However, I would say the second half of the book supersedes Mort in terms of action, pace, and building towards a suspenseful showdown of an ending. The last third of the book is full of excitement as it leads to the climactic scenes that will leave you unable to put it down. It features touching moments too, as Death goes through his own journey as to what being mortal is all about. This book will make you reflect on life and death, but it’s all approached in a lighthearted way that may leave you feeling a bit better about your own mortality!

One of my favourite parts of these books is when Pratchett will put a little asterix * amongst the text which will guide you to some extra information on the bottom of the pages. The “information” is almost always a quirky bit of Discworld trivia, history or fact which is sometimes insightful, but always funny. It is like Pratchett is prodding you with his elbow and winking, an extra little joke for you. Throughout the whole book Pratchett’s humour and love of oddness and nonsense come twinkling through the pages.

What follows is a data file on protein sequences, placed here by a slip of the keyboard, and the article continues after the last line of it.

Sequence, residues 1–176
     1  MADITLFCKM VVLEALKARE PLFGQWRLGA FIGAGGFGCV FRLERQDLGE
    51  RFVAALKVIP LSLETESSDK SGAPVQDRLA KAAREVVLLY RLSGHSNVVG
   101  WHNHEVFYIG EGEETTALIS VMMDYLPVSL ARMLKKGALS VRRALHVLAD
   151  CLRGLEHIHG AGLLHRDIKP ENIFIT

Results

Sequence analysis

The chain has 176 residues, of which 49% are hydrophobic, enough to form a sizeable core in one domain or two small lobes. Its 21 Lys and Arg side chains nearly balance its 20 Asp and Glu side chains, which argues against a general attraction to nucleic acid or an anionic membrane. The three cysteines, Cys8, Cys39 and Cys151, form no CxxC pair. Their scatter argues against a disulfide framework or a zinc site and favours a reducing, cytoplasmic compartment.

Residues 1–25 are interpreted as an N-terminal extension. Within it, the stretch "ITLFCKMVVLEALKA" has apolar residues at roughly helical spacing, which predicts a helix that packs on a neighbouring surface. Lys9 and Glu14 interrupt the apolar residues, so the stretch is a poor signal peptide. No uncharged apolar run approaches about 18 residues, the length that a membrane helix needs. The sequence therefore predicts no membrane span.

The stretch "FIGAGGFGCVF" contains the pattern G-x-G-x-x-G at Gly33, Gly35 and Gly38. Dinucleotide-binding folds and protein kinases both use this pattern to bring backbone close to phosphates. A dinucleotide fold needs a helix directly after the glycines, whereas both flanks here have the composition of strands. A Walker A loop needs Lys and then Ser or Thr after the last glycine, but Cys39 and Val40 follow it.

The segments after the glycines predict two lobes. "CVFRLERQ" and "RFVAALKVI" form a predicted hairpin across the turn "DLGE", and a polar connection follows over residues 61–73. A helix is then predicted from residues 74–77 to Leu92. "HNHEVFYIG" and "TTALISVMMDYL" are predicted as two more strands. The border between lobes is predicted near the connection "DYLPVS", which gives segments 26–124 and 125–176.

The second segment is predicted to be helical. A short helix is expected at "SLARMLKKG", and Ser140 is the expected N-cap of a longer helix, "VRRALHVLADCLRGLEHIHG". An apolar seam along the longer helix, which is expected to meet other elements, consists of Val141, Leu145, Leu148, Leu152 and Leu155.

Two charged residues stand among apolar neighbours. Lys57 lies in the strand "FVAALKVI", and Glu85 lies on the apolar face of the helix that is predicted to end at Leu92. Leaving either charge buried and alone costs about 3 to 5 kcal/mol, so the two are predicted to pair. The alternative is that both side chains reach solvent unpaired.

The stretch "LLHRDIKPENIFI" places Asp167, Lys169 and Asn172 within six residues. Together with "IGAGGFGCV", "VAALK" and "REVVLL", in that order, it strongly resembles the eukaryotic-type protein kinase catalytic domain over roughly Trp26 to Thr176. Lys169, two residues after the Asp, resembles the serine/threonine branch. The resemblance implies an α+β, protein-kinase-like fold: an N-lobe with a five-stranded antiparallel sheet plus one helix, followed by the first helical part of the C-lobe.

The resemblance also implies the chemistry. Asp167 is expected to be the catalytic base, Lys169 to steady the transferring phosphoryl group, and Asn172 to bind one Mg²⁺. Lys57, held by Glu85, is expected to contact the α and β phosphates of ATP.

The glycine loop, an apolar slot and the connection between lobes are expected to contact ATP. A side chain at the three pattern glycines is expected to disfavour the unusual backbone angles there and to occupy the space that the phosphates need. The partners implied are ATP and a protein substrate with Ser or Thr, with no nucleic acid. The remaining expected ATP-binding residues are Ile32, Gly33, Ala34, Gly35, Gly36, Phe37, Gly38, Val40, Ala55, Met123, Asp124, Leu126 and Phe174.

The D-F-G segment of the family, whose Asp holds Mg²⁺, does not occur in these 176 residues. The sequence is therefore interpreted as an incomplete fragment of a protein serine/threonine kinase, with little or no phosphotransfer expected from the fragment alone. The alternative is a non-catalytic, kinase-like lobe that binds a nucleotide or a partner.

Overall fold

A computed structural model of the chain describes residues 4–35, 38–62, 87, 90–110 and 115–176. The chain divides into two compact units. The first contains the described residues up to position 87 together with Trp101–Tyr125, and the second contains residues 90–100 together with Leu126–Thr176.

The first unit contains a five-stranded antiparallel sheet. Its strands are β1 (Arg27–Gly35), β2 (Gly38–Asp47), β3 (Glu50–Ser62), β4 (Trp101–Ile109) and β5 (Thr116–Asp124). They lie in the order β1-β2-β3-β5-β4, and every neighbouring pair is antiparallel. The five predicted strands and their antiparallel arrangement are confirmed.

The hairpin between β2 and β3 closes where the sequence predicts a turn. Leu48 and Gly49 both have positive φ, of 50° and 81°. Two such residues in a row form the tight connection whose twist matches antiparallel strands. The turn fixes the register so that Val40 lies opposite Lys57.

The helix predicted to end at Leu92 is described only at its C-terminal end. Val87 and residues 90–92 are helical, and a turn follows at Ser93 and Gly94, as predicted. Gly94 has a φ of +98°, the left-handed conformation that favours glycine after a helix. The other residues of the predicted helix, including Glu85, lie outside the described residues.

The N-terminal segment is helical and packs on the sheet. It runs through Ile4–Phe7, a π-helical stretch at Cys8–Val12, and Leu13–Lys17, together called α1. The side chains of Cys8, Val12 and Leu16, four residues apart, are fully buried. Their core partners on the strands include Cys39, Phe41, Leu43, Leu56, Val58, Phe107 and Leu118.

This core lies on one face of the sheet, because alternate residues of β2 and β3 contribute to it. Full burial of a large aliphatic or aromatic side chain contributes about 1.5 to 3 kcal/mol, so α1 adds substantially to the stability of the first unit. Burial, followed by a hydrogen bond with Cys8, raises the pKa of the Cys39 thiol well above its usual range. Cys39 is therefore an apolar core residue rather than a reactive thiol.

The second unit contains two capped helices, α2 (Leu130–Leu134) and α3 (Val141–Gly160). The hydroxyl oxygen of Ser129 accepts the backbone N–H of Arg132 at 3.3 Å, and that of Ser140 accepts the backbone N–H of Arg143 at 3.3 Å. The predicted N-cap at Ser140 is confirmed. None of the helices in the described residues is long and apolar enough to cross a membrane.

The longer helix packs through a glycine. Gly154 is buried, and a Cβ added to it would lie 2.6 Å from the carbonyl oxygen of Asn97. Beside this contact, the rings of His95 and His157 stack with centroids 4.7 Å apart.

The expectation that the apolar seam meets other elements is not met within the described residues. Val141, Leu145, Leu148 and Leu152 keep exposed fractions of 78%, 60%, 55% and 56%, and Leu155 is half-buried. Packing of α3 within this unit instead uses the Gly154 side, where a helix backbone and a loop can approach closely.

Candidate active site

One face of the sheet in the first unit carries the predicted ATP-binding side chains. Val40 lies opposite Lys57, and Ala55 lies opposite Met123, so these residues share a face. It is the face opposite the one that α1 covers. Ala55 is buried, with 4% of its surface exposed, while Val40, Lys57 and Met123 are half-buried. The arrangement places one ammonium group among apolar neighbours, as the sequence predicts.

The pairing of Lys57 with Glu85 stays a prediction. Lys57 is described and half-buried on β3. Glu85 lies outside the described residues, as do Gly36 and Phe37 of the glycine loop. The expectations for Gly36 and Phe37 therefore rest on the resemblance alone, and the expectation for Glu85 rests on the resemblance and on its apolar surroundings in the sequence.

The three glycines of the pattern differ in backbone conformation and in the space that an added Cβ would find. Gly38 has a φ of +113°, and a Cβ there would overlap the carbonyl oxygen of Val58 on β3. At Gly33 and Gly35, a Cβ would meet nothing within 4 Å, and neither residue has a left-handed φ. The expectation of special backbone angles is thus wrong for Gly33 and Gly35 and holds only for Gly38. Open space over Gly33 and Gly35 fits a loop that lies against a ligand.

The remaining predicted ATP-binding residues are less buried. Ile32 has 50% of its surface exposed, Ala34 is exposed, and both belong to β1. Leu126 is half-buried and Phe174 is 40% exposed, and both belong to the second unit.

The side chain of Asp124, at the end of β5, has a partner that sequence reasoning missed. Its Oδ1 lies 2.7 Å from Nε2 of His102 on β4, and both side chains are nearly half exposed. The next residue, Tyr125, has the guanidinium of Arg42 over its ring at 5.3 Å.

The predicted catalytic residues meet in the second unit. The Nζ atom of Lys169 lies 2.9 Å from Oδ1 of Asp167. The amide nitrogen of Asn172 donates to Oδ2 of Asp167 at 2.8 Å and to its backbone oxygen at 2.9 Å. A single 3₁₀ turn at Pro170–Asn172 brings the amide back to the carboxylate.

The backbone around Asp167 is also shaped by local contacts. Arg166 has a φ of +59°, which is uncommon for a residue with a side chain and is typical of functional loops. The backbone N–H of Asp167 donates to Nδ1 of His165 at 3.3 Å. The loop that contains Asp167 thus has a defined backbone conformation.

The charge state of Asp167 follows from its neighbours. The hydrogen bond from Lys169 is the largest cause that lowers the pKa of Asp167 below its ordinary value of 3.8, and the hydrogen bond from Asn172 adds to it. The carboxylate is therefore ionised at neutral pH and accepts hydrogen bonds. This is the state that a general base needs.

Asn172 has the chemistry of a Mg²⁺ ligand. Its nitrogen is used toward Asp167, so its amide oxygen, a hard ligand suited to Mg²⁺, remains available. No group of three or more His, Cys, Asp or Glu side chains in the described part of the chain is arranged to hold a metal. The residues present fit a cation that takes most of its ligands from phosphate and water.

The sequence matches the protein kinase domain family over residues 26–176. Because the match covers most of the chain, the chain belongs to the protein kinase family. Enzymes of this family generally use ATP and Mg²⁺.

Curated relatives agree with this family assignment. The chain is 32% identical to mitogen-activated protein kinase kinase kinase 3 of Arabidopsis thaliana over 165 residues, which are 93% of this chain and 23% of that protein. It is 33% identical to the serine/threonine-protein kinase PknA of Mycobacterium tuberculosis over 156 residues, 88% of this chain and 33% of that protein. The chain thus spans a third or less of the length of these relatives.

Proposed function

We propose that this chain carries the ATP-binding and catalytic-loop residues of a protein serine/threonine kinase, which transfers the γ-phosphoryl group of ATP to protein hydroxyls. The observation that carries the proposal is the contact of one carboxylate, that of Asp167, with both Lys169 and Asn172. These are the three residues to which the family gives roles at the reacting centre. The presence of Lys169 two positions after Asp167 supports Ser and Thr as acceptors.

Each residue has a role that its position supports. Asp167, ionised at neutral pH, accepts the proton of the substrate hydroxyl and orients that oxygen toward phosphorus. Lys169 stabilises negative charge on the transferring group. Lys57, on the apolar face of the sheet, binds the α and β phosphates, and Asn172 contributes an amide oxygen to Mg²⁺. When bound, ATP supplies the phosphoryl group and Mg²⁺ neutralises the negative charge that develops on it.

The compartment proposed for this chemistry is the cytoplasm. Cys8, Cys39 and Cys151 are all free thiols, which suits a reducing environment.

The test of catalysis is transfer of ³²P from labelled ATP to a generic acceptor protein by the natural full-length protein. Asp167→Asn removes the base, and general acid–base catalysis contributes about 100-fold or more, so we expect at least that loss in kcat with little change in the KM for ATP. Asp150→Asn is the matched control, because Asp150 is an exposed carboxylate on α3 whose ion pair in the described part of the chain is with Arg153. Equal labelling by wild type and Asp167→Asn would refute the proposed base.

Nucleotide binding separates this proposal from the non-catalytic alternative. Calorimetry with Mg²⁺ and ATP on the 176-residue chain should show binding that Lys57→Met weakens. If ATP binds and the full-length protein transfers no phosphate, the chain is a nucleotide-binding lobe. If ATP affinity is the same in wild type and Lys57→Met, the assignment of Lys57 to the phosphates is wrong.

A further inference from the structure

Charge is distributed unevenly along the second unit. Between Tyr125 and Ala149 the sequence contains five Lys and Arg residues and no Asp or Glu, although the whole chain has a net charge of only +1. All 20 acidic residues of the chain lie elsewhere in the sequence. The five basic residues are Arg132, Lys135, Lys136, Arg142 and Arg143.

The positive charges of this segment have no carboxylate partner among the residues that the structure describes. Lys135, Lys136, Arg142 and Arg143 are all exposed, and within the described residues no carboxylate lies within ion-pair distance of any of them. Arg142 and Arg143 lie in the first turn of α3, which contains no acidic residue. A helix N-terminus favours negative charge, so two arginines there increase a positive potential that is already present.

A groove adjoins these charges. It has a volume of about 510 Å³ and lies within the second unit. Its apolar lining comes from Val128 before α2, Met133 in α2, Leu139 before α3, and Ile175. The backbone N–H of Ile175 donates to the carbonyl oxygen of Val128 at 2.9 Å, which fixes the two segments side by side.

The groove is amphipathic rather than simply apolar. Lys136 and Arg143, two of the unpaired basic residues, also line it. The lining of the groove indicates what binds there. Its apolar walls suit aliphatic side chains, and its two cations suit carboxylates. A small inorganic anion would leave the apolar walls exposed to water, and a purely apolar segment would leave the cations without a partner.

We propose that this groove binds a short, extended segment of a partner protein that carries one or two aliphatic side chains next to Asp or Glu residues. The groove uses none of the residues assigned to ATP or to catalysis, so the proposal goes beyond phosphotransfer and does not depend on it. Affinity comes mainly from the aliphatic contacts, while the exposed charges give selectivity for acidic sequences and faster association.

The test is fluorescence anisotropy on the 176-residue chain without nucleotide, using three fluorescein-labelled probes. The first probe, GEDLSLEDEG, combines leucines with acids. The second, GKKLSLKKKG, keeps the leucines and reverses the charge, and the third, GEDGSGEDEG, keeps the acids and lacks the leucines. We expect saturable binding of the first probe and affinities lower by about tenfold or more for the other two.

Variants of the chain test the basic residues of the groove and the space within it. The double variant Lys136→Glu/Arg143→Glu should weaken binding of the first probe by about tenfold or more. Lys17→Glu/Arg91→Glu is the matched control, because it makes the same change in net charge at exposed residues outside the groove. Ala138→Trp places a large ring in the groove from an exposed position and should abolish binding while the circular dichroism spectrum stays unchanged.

Whilst Mort has a protagonist who is young (16 years old), the main protagonist of this novel is Windle, who is very, very old. Pratchett therefore shakes up the formula and steers away from making these novels for any particular age group. Anyone of any age can enjoy these books! Also, I would say it is not necessary to have read any of the Discworld books beforehand, as both this and Mort were completely self-contained stories. However, I would recommend reading Mort first if you can, as it gives a bit of background into the Death character which will make this read more enjoyable.

I hope you enjoy reading this book, I’ll be reviewing my next Pratchett in two weeks time, called Soul Music!


Next week we’ll be taking a break from Pratchett and reviewing a classic, Jules Verne’s Twenty Thousand Leagues Under the Sea.


Until then, happy reading and take care, and thanks for joining us at The Boss Book Club!